Double hoof wall, laminar wedge??????
   

       The Horse Forum > Keeping and Caring for Horses > Horse Health > Hoof Care

Double hoof wall, laminar wedge??????

This is a discussion on Double hoof wall, laminar wedge?????? within the Hoof Care forums, part of the Horse Health category
  • Laminar wedge hoof
  • Horse hoof lamellar wedge

Like Tree1Likes
  • 1 Post By loosie

 
LinkBack Thread Tools
    03-11-2014, 10:44 PM
  #1
Started
Double hoof wall, laminar wedge??????

It's a little harder to see on this picture than it is now. There is an area on Belle's hoof wall, on the lateral side, that looks like she has two hoof walls parallel to each other. It is more distinct now after her trim wasn't so fresh. I was thinking maybe it was laminar wedge...but isn't that only something that happens at the toe? You can clearly see how much wider her hoof is on that side on the sole, and if you were to use that 'inner' hoof wall bit, both sides would be more even. From the top of the hoof, it is not flared however. I did rasp the wall back a bit closer to that 'inner' wall line though. What in the world would that be???? I will try and get a picture this week of what it looks like now.

     
Sponsored Links
Advertisement
 
    03-12-2014, 12:07 AM
  #2
Foal
Are you talking about the line near the lateral heel that runs up to the quarters? It's hard to tell in the picture, but it looks to me like her sole has shed from that area to revel new growth. I would keep an eye on that area though, as it looks like there may be some bacteria tracks forming on the actual wall. Most horses have straighter medial hoof walls, with more curved lateral walls - it doesn't look too out of the ordinary to me.

Lamellar wedges form at the toe as a result of a laminitis/founder episode - from the underside of the foot, the toe will look stretched out, often with the white line area appearing very thick and brown or red in color.
     
    03-12-2014, 12:20 AM
  #3
Trained
Yeah, pic not clear, but I don't think that line(if that's what you're talking about) is obviously stretched or 'wedged' laminae'. Yes, it does happen elsewhere besides the toe though. That's just generally where the long term excess pressure is worst. Reckon there may be a bit of a wedge on the medial toe corner tho.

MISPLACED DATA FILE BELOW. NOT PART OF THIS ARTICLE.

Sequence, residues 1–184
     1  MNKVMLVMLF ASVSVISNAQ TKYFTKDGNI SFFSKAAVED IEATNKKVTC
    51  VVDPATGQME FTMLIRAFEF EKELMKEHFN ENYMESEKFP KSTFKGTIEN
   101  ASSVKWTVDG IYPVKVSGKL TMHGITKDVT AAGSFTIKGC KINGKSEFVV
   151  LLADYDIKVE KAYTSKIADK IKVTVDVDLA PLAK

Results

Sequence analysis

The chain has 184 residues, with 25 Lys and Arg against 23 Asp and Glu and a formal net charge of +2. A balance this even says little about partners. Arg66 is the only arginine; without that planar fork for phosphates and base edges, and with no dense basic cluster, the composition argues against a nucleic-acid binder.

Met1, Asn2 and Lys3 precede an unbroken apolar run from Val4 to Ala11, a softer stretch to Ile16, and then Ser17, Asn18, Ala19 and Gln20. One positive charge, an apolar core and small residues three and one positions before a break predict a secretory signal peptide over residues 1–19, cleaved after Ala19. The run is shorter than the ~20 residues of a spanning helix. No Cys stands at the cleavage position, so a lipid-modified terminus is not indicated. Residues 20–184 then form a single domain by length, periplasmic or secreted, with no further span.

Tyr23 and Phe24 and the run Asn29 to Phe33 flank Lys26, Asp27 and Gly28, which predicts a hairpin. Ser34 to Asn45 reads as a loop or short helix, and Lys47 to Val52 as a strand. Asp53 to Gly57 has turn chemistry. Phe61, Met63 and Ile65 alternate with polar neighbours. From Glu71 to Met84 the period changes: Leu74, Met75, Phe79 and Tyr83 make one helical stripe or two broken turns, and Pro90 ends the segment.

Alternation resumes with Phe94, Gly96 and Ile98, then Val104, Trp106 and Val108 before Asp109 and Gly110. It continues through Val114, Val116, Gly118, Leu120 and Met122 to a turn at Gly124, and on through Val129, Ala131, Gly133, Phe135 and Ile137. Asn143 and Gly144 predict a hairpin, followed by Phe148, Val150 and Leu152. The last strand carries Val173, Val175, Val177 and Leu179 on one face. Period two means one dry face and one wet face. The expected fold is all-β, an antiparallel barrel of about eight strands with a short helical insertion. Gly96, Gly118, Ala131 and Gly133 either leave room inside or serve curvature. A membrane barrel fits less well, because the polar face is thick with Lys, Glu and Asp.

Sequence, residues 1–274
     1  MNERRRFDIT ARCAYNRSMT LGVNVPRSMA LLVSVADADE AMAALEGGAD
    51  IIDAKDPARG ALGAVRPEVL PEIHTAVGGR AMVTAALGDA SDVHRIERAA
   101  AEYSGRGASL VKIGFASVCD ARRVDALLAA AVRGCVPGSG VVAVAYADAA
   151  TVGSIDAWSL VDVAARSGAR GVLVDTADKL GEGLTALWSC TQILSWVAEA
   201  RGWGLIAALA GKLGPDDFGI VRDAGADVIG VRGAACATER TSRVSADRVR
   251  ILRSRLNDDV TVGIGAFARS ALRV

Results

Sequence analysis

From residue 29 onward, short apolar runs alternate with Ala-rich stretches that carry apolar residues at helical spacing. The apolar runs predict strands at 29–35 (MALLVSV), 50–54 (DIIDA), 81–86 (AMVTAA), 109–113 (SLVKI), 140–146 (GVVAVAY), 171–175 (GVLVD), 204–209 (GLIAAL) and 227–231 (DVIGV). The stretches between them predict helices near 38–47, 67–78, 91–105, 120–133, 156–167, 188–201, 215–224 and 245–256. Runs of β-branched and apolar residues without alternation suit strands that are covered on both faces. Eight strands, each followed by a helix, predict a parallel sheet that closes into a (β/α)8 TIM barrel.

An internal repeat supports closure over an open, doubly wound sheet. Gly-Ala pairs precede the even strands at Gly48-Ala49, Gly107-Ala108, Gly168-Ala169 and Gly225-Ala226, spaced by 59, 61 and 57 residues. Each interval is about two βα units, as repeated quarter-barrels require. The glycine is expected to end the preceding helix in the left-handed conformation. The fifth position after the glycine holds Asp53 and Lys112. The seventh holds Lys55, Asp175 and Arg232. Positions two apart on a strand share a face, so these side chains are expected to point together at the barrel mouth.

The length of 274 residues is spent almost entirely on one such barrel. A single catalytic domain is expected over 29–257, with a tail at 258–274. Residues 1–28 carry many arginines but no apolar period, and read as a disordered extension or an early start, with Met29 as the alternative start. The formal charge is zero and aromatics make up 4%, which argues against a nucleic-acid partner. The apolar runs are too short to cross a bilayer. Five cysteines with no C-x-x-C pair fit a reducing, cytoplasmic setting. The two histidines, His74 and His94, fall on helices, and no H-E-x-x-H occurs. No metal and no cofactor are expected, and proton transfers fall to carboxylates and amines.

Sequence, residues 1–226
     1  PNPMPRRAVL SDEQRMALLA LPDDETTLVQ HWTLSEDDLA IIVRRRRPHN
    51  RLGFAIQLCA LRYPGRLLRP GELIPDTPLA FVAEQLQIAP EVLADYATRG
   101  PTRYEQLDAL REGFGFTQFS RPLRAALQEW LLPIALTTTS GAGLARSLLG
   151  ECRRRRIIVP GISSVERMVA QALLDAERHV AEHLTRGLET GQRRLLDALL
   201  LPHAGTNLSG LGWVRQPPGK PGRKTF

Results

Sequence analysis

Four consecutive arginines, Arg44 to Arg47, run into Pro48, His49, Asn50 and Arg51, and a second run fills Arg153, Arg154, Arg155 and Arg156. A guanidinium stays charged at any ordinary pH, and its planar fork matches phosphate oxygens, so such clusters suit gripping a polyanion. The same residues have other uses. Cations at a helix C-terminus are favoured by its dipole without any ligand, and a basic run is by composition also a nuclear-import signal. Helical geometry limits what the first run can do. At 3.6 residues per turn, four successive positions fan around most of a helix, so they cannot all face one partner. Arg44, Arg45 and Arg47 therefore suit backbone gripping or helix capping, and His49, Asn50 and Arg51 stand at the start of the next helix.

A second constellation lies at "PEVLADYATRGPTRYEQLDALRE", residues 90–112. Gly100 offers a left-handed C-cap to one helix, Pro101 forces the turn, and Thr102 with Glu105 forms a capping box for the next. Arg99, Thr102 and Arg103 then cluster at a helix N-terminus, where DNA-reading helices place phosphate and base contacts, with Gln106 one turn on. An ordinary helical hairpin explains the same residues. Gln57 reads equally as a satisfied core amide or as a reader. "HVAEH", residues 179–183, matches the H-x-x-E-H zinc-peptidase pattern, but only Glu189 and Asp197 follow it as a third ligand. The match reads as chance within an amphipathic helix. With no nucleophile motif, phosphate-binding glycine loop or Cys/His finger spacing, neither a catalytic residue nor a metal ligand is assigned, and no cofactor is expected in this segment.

An aside; It appears that her heels are short enough but not too short in that(those) pics, but if rads indicate a ground parallel or negative palmer P3 then frog wedges may be a good move, to support & help stimulate the digital cushion without building heels up too much.
KigerQueen likes this.
     
    03-12-2014, 08:20 AM
  #4
Started
Quote:
Originally Posted by loosie    
Yeah, pic not clear, but I don't think that line(if that's what you're talking about) is obviously stretched or 'wedged' laminae'. Yes, it does happen elsewhere besides the toe though. That's just generally where the long term excess pressure is worst. Reckon there may be a bit of a wedge on the medial toe corner tho.

An aside; It appears that her heels are short enough but not too short in that(those) pics, but if rads indicate a ground parallel or negative palmer P3 then frog wedges may be a good move, to support & help stimulate the digital cushion without building heels up too much.
Thanks Loosie.....I will try and get another picture since it really did become more clear since this picture was taken. She does have a coronary band injury in that part of the foot...maybe that contributed to the deformity?? With each trim....I see new things it seems.
     
    03-12-2014, 09:00 PM
  #5
Weanling
If you mean the long narrow ridge on the sole back from the quarter to the heel, it looks like just an odd ridge of dead sole to me. And with some hoof wall separation.
     

Thread Tools

Similar Threads
Thread Thread Starter Forum Replies Last Post
Hoof wall angle Walker Hoof Care 8 09-22-2013 03:34 AM
Hoof wall Breella Hoof Care 3 09-15-2012 02:57 AM
Hoof Wall Bruising ??? What can this mean? TruCharm Hoof Care 8 09-03-2012 01:21 AM
Hoof wall.. problems? jennakajb Hoof Care 23 02-18-2012 04:45 AM



All times are GMT -4. The time now is 03:12 AM.


Powered by vBulletin® Version 3.8.5
Copyright ©2000 - 2014, Jelsoft Enterprises Ltd.
Search Engine Friendly URLs by vBSEO 3.6.0